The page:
If we place a gradient diagonally across the picture, from black to white, you will see all the tones have pixels allocated to them, and so all the columns in the histogram are filled, though some more than others.

A gradient drawn using Photoshop. There are few black pixels, shown on the left of the histogram, a steady increase is shown as the grays get lighter. The columns almost level off in the mid-tones, before dropping again down to a few white pixels shown on the right of the histogram.

Of course, a more complex picture will have a less uniform histogram.

An image with a greater variety of tones will have a more complex histogram.

What Should My Histogram Look Like?

This is one question I am often asked. The answer is this, there is no perfect histogram. It just tells you how different shades appear in your images. However, a histogram showing all the pixels pushed to the left means that the image is dark, and it may be under-exposed. But, equally, that may be the look you were after.

This low key image is dark, so all the pixels are pushed to the left of the histogram. You can see from the histogram that there are no highlights or whites in the photograph.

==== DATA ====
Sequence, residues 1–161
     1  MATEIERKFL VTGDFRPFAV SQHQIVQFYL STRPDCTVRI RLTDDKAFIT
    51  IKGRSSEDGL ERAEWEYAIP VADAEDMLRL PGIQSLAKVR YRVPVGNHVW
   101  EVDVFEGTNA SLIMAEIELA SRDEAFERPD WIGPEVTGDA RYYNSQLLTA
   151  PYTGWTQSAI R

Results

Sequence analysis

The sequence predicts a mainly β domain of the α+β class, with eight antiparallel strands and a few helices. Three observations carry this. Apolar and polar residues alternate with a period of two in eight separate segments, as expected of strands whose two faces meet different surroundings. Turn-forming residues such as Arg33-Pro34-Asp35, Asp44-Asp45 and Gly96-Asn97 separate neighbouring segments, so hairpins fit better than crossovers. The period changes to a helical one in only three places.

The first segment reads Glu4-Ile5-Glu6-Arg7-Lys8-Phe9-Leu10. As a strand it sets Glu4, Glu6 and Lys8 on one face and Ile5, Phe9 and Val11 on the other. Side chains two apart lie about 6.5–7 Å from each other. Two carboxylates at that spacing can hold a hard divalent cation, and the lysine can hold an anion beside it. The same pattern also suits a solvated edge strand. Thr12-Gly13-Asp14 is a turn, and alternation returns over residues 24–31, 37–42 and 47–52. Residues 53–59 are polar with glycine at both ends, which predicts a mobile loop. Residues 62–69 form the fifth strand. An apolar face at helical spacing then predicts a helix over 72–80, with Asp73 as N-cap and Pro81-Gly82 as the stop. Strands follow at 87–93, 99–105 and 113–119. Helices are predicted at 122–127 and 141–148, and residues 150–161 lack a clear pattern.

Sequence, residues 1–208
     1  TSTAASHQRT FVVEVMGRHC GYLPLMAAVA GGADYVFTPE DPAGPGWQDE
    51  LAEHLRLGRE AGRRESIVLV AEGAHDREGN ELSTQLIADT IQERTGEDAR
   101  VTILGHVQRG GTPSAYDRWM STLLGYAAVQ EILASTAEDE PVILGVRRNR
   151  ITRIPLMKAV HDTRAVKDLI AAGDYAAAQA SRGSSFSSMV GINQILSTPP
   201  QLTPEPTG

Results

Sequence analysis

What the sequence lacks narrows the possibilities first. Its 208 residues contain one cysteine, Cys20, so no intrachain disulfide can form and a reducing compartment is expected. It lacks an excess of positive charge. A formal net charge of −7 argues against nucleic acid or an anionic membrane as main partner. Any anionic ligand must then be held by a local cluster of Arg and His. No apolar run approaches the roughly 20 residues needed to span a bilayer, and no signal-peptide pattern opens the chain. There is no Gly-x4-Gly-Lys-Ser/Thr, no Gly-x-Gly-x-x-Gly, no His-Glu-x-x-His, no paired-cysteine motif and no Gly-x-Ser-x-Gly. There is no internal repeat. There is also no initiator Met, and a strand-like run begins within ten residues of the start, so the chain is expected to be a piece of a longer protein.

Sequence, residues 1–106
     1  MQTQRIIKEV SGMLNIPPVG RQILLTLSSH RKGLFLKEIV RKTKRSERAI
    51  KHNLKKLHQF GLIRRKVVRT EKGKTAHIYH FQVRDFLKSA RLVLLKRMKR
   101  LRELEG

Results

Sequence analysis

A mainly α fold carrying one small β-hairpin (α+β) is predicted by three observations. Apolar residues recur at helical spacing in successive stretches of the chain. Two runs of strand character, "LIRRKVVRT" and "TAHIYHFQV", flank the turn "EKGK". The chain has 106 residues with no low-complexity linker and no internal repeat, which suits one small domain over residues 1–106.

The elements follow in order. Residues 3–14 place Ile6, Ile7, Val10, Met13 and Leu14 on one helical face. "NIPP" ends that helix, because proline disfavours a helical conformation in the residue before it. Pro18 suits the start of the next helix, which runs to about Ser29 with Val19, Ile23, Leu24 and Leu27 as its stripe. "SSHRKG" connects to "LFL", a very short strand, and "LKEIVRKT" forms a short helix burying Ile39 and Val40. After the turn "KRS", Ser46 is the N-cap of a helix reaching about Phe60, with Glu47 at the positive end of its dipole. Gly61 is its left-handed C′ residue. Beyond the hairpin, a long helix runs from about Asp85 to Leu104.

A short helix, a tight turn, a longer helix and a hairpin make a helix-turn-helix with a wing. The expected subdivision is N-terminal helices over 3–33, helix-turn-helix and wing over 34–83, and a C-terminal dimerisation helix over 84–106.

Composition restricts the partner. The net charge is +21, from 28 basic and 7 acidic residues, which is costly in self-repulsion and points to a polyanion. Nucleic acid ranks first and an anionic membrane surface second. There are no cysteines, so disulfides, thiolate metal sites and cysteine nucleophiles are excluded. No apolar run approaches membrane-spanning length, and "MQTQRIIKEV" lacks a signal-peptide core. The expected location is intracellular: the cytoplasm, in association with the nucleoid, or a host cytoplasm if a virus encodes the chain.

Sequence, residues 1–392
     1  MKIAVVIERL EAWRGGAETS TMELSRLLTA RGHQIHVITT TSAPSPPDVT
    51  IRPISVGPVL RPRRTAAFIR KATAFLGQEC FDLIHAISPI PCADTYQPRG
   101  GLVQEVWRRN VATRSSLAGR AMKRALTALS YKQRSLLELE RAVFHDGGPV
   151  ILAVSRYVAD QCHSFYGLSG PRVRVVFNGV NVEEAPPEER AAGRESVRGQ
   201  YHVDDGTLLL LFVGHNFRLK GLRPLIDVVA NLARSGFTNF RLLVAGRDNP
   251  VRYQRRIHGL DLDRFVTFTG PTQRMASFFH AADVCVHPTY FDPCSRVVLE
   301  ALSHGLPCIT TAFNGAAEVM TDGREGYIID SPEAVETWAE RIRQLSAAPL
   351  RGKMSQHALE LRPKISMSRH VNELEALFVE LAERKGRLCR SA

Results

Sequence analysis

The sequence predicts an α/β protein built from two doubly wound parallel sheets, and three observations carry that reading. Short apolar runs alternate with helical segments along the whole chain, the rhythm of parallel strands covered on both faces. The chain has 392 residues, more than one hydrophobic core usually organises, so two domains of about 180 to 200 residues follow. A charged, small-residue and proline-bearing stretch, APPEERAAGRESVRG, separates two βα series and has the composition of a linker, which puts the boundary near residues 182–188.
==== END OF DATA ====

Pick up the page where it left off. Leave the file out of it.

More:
Conversely, a histogram pushed to the right means the image is bright with lots of highlights and whites. Again, it may be over-exposed, unless you were aiming for a high-key image.

This bright high key image has the histogram pushed to the right. There are no blacks in the photo, so none are shown on the left of the histogram.

A lot of photos you shoot will have a smooth bell curve with few blacks, and whites and the majority of the image sitting near the center of the histogram. Black and white photography often (not always) benefit from a strong separation between the different tones, so one will see two or more peaks in the histogram. The bigger the separation between these peaks, the greater the contrast.

But How Can the Histogram Help Me?